Bainbridge Island Japanese American Community

Leaving home, ferry ride, train ride – Michi Noritake (OH0008)


It was really sad, the saddest day, darkest day of our life. And people came to say goodbye, and we didn’t know where we were going. Oh, it was really sad. But we, Mother was very brave, we all carried two suitcases. And we were so lucky because the army convoy came and picked us up, each home was picked up by army. Well, on Vashon, our friend was telling us, they had to walk half a mile with two suitcases in their hands… and then the convoy came and picked him up. So we were very, treated nicely — we were the first ones to go, and they came. I remember our, the convoy came and picked us up, and the soldiers looked at us, like, “Oh, enemy.” They were really scared, too, and we were scared of them. And then we didn’t say much, they just, so we went to the Eagledale dock, and we all had to walk after we got off, the, with our suitcase in our hands. And we all, I think, wore our very best clothes ’cause we didn’t know what was gonna happen. Everybody wore hats and good shoes, you know, and coats, because it was, March was still cold. When you think about it, tears come. It was so long ago, but yet you feel the pain. The people were very good, and the neighbors, they were so sorry we had to go. And then when we got across, and we had to get on the train, and we were really scared more than anything, afraid, we didn’t know where we were going. And then all the trains had the blinds down, so, and we were kind of shoved in. But we chugged along and there was a lot of people waiting and waving and they were sort of sad to see us go.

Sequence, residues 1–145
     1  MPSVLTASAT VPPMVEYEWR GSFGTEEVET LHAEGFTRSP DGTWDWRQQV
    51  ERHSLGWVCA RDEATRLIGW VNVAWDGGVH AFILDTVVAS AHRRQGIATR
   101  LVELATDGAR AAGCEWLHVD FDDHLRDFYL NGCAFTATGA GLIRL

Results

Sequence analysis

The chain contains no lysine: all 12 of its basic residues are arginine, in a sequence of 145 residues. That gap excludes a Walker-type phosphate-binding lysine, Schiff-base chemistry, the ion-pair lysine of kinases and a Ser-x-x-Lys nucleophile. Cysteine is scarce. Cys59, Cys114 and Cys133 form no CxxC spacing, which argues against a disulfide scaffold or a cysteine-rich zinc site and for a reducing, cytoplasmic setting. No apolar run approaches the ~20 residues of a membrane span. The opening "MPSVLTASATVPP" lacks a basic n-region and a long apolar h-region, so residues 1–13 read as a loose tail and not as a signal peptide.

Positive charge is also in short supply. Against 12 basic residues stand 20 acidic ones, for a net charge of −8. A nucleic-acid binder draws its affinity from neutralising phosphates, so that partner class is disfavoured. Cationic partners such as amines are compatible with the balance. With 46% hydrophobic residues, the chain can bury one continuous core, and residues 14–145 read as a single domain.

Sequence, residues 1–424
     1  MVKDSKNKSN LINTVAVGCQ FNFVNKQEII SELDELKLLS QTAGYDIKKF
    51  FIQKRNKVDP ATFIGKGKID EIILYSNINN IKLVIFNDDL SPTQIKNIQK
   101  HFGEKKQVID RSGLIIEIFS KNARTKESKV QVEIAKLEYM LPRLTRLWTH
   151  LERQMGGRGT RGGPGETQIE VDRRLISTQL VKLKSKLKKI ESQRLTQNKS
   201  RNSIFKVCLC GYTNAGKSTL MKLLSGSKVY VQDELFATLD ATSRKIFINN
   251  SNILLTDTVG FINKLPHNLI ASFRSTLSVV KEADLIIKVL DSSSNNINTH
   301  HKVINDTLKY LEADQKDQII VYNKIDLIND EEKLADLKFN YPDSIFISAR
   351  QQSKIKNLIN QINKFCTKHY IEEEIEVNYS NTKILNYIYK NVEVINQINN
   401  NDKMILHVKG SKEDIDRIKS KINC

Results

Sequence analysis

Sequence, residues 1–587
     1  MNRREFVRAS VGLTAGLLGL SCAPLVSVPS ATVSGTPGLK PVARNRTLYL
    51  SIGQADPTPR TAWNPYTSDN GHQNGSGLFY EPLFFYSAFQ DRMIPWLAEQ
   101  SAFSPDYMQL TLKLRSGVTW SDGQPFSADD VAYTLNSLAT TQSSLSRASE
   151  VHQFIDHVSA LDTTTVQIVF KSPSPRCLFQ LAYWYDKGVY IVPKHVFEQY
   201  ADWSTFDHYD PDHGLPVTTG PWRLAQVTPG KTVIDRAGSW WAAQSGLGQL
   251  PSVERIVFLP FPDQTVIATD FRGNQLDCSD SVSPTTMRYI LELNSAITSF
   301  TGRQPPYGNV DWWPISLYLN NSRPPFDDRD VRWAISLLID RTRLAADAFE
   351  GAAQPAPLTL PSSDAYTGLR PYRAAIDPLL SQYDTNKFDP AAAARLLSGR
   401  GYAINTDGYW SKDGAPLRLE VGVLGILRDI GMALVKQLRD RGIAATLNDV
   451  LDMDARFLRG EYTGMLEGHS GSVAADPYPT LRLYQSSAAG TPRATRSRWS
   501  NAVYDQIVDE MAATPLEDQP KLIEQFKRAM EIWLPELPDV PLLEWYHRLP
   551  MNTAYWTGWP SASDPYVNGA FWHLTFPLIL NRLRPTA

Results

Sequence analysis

But after we got on the train, maybe the first day, the soldiers themselves were very scared, and after we got to know them, maybe the next day or so, they said to us, “Why are you people going?” We’re just like… you know, they thought we were just like them. And thought it was so wrong that we should go. And then as we traveled along, we became more friendly. They were from New York, these soldiers that took us down. And then towards the end, whenever we would travel down on the train, it would be open space, and then they would pull the blind up, and so we could look out as we traveled down. And then when we came, or when we’d come into a city or something, then they’d put the blinds down. But they were the most friendliest soldiers, and young men. Along the way we went, sometime, someone would have a guitar or something, and we all get together and we’d sing, It was, you know, sad, and yet we had fun going down. Pretty soon they would talk to us, and they said, oh, it was so wrong to see us go.

Video Interview — February 2006
To see this interview in its entirety, go to the Densho website archives. You will have to register to be allowed access to their archives. Once in the archive, visit the Visual History Collections: Bainbridge Island Japanese American Community Collection.

Michi Noritake

Michiko Amatatsu Noritake was 22 years old at the time of evacuation. She is the second youngest of four sisters. Michi was fired from her job right after Pearl Harbor. Before evacuation, the FBI took her father and he was eventually sent to a Department of Justice Internment Camp. At the end of the war, as the Amatatsus were preparing to return home, Michi was in Twin Falls and she ran into her father who had been released from internment camp and was coming to re–unite with his family. Michi sometimes refers to her father as "grandpa." She also calls New Mexico, "Mexico."